• My contributions to the business have been 100% of the funding, 100% of the labor, 100% of research and shop setup to get the business started. On top of that I handle all the financials, inventory, quoting,, purchasing, production and process improvement, equipment, maintenance, research, etc.

• During most of the 20 months of the business he has been for the most part unemployed except for some freelance work. I have been working a 50-60 hour week job on top of doing all the work for the business.

• I have also provided the building rent free for the shop as well as paid the utilities to get the business started until a profit was realized.

• I would like to have him removed from the business and for me to retain 100% of all rights to the business, its name, the designs he produced for the business and was paid for, the web domain, etc.


1) Because of his negative equity, lack of dedication, and incompetence; should I have any trouble having him removed from the company without him having retain any right to anything related to the business?


2) Can I sue him for any monetary amount for the losses I have incurred due to his breach of fiduciary trust and breach of fiduciary duty?

Asked on 8/19/17, 9:25 am

2 Answers from Attorneys

Roman Fichman Esq. Law Practice of Roman Fichman Esq.

Generally speaking

1) Assuming your "partner" is in fact a partner in a legal sense then you cannot simply remove or take away his equity him because he has been a bad partner. You would need to either buy him out or dissolve the business and then divide the assets (if any) according to the default rules that apply to the type of entity it is (LLC or corporation or partnership). If you have creditors, there is also the option of declaring bankruptcy but that is typical quite costly and would depend the amount the business owes to third parties.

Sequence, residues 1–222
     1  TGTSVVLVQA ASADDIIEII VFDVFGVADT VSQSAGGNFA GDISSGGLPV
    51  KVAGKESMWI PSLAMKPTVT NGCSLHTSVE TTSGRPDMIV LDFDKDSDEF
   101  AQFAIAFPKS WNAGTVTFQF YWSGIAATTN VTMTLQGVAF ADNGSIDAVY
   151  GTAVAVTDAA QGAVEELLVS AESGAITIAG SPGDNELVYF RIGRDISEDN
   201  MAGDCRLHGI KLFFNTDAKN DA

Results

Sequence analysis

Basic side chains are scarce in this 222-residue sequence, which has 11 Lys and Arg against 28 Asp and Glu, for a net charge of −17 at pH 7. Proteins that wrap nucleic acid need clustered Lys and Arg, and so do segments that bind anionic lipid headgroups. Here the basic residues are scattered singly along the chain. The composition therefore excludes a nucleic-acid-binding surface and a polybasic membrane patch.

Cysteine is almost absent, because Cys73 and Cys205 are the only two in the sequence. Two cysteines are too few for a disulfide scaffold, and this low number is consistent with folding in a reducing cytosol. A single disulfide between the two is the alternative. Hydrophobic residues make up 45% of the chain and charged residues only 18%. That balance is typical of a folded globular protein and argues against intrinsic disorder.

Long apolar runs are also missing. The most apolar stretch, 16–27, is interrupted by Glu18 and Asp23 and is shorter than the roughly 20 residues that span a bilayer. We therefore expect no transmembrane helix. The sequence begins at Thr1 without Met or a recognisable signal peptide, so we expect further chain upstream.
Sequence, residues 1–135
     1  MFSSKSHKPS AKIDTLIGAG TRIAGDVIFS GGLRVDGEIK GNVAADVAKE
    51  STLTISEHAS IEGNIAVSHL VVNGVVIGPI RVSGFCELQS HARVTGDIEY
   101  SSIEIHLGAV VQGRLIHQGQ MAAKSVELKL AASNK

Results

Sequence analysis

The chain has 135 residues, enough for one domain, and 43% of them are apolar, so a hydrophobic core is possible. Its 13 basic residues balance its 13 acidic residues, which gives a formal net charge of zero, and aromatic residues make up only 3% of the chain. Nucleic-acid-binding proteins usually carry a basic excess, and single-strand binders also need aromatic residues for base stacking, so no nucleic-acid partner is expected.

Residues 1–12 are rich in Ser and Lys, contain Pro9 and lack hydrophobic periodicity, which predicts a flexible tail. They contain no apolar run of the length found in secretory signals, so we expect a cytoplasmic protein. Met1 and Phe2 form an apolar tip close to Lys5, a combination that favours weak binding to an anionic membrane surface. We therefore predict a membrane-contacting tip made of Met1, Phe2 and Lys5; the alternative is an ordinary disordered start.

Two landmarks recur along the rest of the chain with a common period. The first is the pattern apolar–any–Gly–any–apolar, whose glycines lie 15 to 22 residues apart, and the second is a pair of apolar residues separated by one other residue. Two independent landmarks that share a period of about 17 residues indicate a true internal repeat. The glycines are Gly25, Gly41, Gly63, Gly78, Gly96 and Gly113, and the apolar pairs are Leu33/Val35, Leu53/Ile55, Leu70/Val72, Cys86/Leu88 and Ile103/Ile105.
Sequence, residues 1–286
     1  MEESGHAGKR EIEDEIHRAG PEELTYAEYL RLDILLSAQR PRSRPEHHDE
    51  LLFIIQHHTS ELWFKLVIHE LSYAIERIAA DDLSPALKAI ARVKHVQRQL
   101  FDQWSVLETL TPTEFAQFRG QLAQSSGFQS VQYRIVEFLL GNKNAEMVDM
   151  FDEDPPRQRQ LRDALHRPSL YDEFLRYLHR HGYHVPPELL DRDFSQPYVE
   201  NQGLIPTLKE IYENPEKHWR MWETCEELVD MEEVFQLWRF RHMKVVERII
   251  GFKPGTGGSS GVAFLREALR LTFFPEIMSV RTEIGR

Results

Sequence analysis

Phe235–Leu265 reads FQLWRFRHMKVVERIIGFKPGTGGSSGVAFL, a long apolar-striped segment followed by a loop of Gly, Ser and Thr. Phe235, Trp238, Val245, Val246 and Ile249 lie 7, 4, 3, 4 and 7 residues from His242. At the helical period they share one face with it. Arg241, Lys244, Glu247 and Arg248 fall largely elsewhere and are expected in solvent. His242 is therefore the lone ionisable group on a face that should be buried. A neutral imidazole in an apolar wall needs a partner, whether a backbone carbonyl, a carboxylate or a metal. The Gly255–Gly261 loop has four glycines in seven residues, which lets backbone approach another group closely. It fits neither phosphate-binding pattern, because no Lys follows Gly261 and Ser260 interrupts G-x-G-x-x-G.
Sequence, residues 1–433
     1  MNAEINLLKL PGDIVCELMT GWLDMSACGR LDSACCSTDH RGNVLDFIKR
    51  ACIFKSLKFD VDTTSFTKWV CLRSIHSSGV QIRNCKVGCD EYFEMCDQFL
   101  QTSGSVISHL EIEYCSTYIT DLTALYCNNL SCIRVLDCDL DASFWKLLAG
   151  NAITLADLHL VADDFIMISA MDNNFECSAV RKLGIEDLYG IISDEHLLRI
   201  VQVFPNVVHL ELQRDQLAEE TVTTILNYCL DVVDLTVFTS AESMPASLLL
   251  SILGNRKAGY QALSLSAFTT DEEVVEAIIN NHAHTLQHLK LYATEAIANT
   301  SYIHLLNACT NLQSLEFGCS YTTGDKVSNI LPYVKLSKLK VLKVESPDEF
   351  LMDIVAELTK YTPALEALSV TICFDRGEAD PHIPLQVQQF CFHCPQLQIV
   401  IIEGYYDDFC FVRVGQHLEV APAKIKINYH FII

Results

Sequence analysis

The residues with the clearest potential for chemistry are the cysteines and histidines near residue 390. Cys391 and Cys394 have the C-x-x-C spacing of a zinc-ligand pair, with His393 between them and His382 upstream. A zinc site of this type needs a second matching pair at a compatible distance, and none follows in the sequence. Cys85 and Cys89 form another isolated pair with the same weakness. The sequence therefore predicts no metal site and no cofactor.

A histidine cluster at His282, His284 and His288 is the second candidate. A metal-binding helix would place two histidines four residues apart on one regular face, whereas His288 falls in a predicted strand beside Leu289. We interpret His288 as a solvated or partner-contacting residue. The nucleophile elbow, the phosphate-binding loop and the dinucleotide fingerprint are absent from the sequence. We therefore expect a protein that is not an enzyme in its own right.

However, please keep in mind that it well could be that even though you consider this person to be your partner, they may not be your partner in a legal sense and that would free you up to continue with the business provided certain legal safe guards are put in place.

2) you can definitely sue your "partner" for taking (stealing) money and business away from the company. Suing him for being a bad partner would likely be much more difficult since you did not have a written agreement that specifies his role and duties. Also keep in mind that suing is very costly and will likely be more expensive then a recovery in this situation. With that said, I do see the possibility of strategically combining a law suit with one of the two approaches I noted in #1 to make sure your efforts to separate from him are successful at the least possible cost.

I would need to know more about the circumstances to propose a more detailed strategy. Contact me directly.

Roman R. Fichman, Esq. │ @TheLegalist

email: Info (@) TheLegalists (dot) com

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Answered on 8/19/17, 10:47 pm
Richard Bryan Richard Bryan Attorney PC

Follow attorney Fichman's advice.

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Answered on 8/21/17, 11:18 am